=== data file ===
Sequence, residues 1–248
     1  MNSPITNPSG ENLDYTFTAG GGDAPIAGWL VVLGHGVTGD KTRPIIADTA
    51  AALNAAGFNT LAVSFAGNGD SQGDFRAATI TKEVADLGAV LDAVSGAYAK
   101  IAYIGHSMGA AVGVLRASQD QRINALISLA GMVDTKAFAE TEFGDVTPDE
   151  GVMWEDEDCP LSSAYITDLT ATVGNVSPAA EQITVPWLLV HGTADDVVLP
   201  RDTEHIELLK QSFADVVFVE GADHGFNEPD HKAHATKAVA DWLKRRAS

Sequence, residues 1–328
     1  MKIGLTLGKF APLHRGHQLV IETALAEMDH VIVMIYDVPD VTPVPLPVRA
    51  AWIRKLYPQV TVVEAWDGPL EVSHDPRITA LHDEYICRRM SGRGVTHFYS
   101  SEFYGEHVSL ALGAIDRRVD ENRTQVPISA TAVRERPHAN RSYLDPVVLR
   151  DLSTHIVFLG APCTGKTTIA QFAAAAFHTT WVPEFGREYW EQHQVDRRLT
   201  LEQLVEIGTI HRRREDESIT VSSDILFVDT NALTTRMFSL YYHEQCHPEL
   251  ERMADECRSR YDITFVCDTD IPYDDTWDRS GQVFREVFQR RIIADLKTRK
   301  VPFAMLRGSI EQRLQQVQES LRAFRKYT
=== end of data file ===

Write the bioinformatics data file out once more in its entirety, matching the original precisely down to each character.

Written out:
Sequence, residues 1–248
     1  MNSPITNPSG ENLDYTFTAG GGDAPIAGWL VVLGHGVTGD KTRPIIADTA
    51  AALNAAGFNT LAVSFAGNGD SQGDFRAATI TKEVADLGAV LDAVSGAYAK
   101  IAYIGHSMGA AVGVLRASQD QRINALISLA GMVDTKAFAE TEFGDVTPDE
   151  GVMWEDEDCP LSSAYITDLT ATVGNVSPAA EQITVPWLLV HGTADDVVLP
   201  RDTEHIELLK QSFADVVFVE GADHGFNEPD HKAHATKAVA DWLKRRAS

Sequence, residues 1–328
     1  MKIGLTLGKF APLHRGHQLV IETALAEMDH VIVMIYDVPD VTPVPLPVRA
    51  AWIRKLYPQV TVVEAWDGPL EVSHDPRITA LHDEYICRRM SGRGVTHFYS
   101  SEFYGEHVSL ALGAIDRRVD ENRTQVPISA TAVRERPHAN RSYLDPVVLR
   151  DLSTHIVFLG APCTGKTTIA QFAAAAFHTT WVPEFGREYW EQHQVDRRLT
   201  LEQLVEIGTI HRRREDESIT VSSDILFVDT NALTTRMFSL YYHEQCHPEL
   251  ERMADECRSR YDITFVCDTD IPYDDTWDRS GQVFREVFQR RIIADLKTRK
   301  VPFAMLRGSI EQRLQQVQES LRAFRKYT